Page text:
clock menu more-arrow no yes

Filed under:

Mike Wallace contract: Chiefs deal with Dwayne Bowe sets baseline

New, comments

Mike Wallace’s foray into the free agency market begins March 12, but a data point has already been set that will bring a smile to this Young Money free agent.

Jared Wickerham

Kansas City Chiefs' wide receiver Dwayne Bowe has signed a contract with the Chiefs, reportedly worth $56 million over five years, with $26 million in guaranteed money and a $15 million signing bonus, according to In the first year of the contract, Bowe will earn $16 million, which is made up of the bonus, a base salary of $750,000 and a workout bonus of $250,000.

He will reportedly earn a total of $36 million over the first three years, averaging $12 million a year.

Forget about ridiculing Wallace's rumored desire to make "Fitzgerald" money; forget about comparisons to DeSean Jackson, this is a real comp signed today under current salary cap conditions for a receiver that has been outperformed by Wallace. The Steelers and the rest of the league will have to factor this into any considerations they have when discussing money with Wallace and his agent, despite the stratospheric heights to which wide receivers' contracts are reaching.

Bowe, a six year veteran, was the first round pick of the Chiefs in 2007 (23rd overall); Mike Wallace, a four year veteran, was a third round pick by the Steelers in 2009 (84th overall).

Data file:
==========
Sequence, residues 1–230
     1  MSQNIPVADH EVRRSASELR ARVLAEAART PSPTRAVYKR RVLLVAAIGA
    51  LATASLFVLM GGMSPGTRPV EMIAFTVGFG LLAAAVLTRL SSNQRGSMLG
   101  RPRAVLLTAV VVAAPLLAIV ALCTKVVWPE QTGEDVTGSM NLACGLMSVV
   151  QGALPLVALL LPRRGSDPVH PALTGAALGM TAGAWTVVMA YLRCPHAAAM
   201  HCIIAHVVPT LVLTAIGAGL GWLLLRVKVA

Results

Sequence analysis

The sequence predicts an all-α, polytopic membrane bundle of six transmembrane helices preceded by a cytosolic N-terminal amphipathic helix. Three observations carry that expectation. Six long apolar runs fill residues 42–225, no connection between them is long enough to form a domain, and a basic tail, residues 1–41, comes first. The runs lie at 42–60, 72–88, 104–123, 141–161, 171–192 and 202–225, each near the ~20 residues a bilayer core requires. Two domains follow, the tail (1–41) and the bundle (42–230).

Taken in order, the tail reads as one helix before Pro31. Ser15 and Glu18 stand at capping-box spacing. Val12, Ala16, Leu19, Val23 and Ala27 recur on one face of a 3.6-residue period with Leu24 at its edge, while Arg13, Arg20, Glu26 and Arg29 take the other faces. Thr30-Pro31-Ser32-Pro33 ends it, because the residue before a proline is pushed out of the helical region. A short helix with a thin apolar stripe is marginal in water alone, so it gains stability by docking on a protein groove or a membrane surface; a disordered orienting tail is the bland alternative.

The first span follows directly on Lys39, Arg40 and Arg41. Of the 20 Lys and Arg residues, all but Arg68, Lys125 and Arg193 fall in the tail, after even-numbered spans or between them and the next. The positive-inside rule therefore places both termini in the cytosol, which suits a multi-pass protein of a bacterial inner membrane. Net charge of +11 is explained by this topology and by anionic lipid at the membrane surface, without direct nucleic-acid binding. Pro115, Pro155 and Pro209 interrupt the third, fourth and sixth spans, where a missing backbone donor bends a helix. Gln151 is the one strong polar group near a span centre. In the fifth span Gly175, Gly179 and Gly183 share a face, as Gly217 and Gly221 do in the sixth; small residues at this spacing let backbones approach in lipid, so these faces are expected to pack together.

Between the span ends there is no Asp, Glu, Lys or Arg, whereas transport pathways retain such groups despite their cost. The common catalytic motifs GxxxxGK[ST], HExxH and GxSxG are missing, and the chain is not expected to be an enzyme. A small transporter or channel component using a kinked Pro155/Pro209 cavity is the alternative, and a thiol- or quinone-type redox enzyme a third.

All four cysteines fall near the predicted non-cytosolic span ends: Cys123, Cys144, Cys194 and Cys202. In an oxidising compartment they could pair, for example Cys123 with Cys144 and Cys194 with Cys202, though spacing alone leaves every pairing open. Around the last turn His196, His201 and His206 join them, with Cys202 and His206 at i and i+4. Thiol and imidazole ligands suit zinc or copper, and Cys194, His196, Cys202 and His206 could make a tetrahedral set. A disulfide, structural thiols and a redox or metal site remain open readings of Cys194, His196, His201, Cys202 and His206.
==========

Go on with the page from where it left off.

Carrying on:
Wallace will surely use this comp to his advantage; he outperformed Bowe in every NFL combine drill except the Three Cone, where Bowe was only nine-hundredths of a second faster.

It will be when comparing Bowe's regular season production in his first four years to Wallace's career stats that will most likely set the "hook" Wallace's agent will use in negotiations. Wallace outperformed Bowe in every NFL data category except games started (8), receptions (40) and receptions per game (1).

The impact of signing cornerback William Gay

Wallace also greatly exceeded Bowe's performances in rushing statistics, although using a receiver as a rusher is like driving your Lamborghini on a dirt path; it might be fun, but is it worth the risk to the car?

Thus, Wallace's camp will be marketing his 4.28 speed in the 40 yard dash and thus his ability to spread a defense when using Bowe's contract as a starting point with the tag line "you'll get comparable production, but you'll have to pay for the speed".

Of course, those teams using more esoteric forms of measurement, such as DYAR and DVOA will claim that Bowe was appreciably the superior receiver, ranking 48th and 50th (respectively) to Wallace's 80th and 79th. To which most assuredly Wallace's agent will repeat "you can't teach speed, you have to pay for it".

Just imagine what kind of money Wallace could command if he had played all four quarters of each game with focus.